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Bereavement and poetry

Wed 11th Feb 2015

This is my first blog and in future I plan to write about different topics from time to time. For my initial blog I wanted to write about something, that at some time in our lives affects all of us – the very sad and difficult time when someone close to us dies.   I pose the question that at such a sad and distressing time can poetry help and be of comfort?


Until recently I had not read much poetry, probably since I was at school. Sometimes I might hear poetry read on the radio or flick through a poetry book whilst in a book shop and occasionally I might take an old poetry book off my book shelves. More recently I’ve come to learn and appreciate just how much poetry can be of great help and comfort to some people when they are at their lowest.


This is often the case when someone close to us has died. Many of us look to poetry when arranging a funeral service. Often the beautiful and heartfelt words of others can be inspiring and help us at a time of great sadness to put into words our own feelings.


One of my favourites is the well-known Christina Rossetti poem, Remember, where she seems to be saying remember that the person, who we have lost, does not want us to be sad, but to remember them and be happy. When we are desperate and low after we have lost someone we love, this sentiment can often seem impossible; but some people can and do take solace from the meaning of this poem.




Remember me when I am gone away, 
Gone far away into the silent land; 
When you can go no more hold me by the hand, 
Nor I half turn to go yet turning stay.
Remember me when no more day by day 
You tell me of our future that you planned:
Only remember me; you understand 
It will be late to counsel then or pray. 
Yet if you should forget me for a while 
And afterwards remember, do not grieve: 
For if the darkness and corruption leave 
A vestige of the thoughts that once I had, 
Better by far you should forget and smile 
Than that you should remember and be sad.


Christina Rossetti - 1862


A particular piece that I have turned to myself when low is A Time for Everything which comes from Ecclesiastes in the bible, but you don’t have to be religious to appreciate this beautiful piece of writing. Here is an excerpt.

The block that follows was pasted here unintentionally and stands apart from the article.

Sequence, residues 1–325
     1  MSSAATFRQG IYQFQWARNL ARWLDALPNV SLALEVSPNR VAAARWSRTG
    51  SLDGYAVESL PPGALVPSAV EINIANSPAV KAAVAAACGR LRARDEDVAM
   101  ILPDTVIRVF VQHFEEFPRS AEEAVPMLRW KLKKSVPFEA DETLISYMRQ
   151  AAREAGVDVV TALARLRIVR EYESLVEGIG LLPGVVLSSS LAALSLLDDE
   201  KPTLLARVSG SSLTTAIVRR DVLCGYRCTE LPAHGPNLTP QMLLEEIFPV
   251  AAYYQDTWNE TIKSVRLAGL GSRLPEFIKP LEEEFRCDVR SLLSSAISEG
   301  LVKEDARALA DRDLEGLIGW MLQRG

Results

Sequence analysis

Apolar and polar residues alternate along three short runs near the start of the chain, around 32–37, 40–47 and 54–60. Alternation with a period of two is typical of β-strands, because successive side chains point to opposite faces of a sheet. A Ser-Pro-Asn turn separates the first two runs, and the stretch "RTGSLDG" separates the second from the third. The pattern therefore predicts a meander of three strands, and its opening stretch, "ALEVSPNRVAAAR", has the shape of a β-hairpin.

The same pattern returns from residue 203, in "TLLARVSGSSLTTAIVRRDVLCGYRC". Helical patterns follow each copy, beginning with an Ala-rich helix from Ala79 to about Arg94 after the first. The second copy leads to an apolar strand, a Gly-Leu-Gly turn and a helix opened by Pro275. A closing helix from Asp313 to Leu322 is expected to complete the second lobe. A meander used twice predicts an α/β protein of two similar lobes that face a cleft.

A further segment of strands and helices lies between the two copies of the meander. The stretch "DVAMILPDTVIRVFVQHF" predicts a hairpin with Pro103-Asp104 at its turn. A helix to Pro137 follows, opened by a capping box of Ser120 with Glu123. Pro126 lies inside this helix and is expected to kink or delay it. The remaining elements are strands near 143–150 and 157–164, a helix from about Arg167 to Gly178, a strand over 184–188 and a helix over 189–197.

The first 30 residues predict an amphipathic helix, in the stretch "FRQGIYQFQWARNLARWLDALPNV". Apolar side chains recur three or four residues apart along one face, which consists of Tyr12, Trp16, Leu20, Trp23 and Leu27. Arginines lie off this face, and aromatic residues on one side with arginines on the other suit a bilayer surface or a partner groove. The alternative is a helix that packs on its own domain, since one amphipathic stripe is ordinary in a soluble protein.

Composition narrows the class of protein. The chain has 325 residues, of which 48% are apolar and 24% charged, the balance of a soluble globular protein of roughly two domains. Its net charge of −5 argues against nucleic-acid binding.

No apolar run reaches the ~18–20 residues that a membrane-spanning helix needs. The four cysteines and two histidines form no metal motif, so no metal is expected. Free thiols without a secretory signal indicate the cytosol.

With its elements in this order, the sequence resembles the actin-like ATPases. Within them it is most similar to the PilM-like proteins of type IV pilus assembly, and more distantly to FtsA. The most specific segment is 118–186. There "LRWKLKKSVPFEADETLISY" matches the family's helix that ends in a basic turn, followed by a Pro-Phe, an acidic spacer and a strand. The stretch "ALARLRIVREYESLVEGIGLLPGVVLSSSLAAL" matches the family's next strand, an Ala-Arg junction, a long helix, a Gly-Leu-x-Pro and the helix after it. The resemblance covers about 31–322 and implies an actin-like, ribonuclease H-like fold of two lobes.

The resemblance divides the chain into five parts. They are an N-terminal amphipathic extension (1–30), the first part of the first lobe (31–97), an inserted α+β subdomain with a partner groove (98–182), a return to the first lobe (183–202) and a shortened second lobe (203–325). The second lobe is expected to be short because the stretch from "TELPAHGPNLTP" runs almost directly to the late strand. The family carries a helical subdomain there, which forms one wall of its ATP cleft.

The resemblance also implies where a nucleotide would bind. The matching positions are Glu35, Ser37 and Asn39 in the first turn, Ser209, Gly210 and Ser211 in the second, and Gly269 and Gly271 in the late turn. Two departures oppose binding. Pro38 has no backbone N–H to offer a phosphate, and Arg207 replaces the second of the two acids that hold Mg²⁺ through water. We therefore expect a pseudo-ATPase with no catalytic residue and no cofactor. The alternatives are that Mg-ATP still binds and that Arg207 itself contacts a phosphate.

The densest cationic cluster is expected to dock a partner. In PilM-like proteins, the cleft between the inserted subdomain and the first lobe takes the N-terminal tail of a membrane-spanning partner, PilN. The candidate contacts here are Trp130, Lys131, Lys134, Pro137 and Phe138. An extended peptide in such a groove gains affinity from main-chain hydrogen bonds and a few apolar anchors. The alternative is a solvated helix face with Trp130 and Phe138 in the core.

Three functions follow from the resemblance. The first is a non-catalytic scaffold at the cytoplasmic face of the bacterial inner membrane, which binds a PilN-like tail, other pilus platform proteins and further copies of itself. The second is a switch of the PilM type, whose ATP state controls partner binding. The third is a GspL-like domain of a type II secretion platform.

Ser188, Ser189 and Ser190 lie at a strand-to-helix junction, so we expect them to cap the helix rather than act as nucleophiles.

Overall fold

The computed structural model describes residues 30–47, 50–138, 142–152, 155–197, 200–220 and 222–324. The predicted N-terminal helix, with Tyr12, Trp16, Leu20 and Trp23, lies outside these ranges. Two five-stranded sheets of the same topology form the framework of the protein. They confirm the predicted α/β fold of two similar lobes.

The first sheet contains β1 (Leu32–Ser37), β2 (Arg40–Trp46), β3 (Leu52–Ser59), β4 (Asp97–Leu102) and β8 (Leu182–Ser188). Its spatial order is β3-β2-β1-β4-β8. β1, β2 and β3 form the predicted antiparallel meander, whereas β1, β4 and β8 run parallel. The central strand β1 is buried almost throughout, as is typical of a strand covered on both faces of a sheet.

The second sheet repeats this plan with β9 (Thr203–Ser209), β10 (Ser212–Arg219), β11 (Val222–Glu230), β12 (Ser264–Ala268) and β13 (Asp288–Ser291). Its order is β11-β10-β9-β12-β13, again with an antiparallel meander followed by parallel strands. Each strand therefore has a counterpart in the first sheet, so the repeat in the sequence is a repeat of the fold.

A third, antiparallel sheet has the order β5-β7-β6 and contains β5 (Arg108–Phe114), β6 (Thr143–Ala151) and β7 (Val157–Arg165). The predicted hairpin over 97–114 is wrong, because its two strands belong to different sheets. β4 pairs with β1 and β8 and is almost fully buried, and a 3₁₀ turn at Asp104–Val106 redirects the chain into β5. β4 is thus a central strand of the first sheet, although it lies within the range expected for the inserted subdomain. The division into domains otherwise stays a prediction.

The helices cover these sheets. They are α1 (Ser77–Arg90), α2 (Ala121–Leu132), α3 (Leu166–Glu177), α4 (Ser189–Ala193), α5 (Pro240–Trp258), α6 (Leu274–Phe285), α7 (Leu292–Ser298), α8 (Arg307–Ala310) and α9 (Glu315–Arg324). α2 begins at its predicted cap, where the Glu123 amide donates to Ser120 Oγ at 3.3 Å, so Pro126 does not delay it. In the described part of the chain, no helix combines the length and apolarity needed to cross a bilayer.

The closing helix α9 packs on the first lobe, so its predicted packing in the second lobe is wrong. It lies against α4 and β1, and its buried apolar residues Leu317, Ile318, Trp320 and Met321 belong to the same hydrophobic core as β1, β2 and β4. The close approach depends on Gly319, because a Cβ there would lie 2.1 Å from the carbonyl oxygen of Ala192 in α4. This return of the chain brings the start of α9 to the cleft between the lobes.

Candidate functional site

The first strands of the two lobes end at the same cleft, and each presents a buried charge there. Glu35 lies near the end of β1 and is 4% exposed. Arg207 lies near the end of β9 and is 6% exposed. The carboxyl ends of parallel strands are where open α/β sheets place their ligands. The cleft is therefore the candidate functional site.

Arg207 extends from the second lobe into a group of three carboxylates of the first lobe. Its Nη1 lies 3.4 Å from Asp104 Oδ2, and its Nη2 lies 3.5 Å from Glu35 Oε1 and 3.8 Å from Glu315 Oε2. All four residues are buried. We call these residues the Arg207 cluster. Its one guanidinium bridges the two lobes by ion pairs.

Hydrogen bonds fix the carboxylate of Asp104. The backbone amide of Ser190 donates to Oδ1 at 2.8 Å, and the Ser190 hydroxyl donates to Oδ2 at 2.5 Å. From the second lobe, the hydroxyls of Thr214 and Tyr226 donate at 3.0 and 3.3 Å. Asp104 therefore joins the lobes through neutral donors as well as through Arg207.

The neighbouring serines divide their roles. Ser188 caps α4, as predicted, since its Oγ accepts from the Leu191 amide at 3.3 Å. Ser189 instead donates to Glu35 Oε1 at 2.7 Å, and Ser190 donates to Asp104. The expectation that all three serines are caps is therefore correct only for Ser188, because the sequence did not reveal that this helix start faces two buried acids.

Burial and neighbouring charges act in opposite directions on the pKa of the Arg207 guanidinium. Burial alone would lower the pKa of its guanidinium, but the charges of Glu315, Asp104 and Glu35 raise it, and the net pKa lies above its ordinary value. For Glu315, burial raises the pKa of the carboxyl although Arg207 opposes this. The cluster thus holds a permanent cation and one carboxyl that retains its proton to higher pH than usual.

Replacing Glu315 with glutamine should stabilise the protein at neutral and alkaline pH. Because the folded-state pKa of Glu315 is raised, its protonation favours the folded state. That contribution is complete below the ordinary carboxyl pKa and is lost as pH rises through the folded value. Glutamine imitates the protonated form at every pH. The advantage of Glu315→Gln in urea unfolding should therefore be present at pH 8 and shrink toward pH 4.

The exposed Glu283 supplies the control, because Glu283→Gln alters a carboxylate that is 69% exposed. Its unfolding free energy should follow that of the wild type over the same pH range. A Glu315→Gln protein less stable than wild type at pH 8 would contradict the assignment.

Book of Ecclesiastes - A Time For Everything


To everything there is a season, and a time to every purpose under the heaven:
a time to be born, and a time to die;
a time to plant, and a time to pluck up that which is planted;
a time to kill, and a time to heal; a time to break down, and a time to build up;
a time to weep, and a time to laugh; a time to mourn, and a time to dance;
a time to cast away stones, and a time to gather stones together;
a time to embrace, and a time to refrain from embracing;
a time to get, and a time to lose; a time to keep, and a time to cast away;
a time to rend, and a time to sew; a time to keep silence, and a time to speak;
a time to love, and a time to hate; a time of war, and a time of peace.
What profit hath he that worketh in that wherein he laboreth?


The Bible, King James Version


In the 1960s the America folk singer Pete Seeger used these words in a song he wrote; Turn, Turn, Turn. Here is one of my favourite versions sung by Judy Collins, which I find beautiful and really moving.



Here are two more poems that I particularly like. This one All Is Well by Henry Scott Holland, was written in 1910 and is often read at funerals. He was a priest at St. Paul's Cathedral in London, and it is believed that he never intended it as a poem; it was actually delivered as part of a sermon in 1910 entitled, "Death the King of Terrors" and was read while the body of King Edward VII was lying in state at Westminster.


All Is Well


Death is nothing at all,
I have only slipped away into the next room,
I am I, and you are you,
Whatever we were to each other, that we are still,
Call me by my old familiar name,
Speak to me in the same easy way which you always did,
Put no difference into your tone;
Wear no forced air of solemnity or sorrow.
Laugh as we always laughed at the little jokes we enjoyed together.
Play, smile, think of me, pray for me.
Let my name be the household word that it always was.
Let it be spoken without effect, without the shadow of a ghost on it.
Life means all that it ever meant.
It is the same as it ever was; there is absolutely unbroken continuity,
why should I be out of mind because I am out of sight?
I am just waiting for you, for an interval, somewhere very near, just around the corner.
All is well.


Henry Scott Holland - 1910


And lastly Remember Me is poem written in 1981 by David Harkins, a former baker from Cumbria, which is both comforting and helpful.


Remember Me


Do not shed tears when I have gone but smile instead because I have lived. 


Do not shut your eyes and pray to God that I'll come back but open your eyes and see all that I have left behind. 


I know your heart will be empty because you cannot see me but still I want you to be full of the love we shared. 


You can turn your back on tomorrow and live only for yesterday or you can be happy for tomorrow because of what happened between us yesterday. 


You can remember me and grieve that I have gone or you can cherish my memory and let it live on. 


You can cry and lose yourself, become distraught and turn your back on the world or you can do what I want - smile, wipe away the tears, learn to love again and go on.


David Harkins - 1981


There has been so much lovely poetry written over the centuries about death and losing people we have loved, and I hope when you are going through the grieving period and when you feel at your lowest, missing a loved one terribly, turning to poetry can be like turning to a friend who understands you in your darkest moments.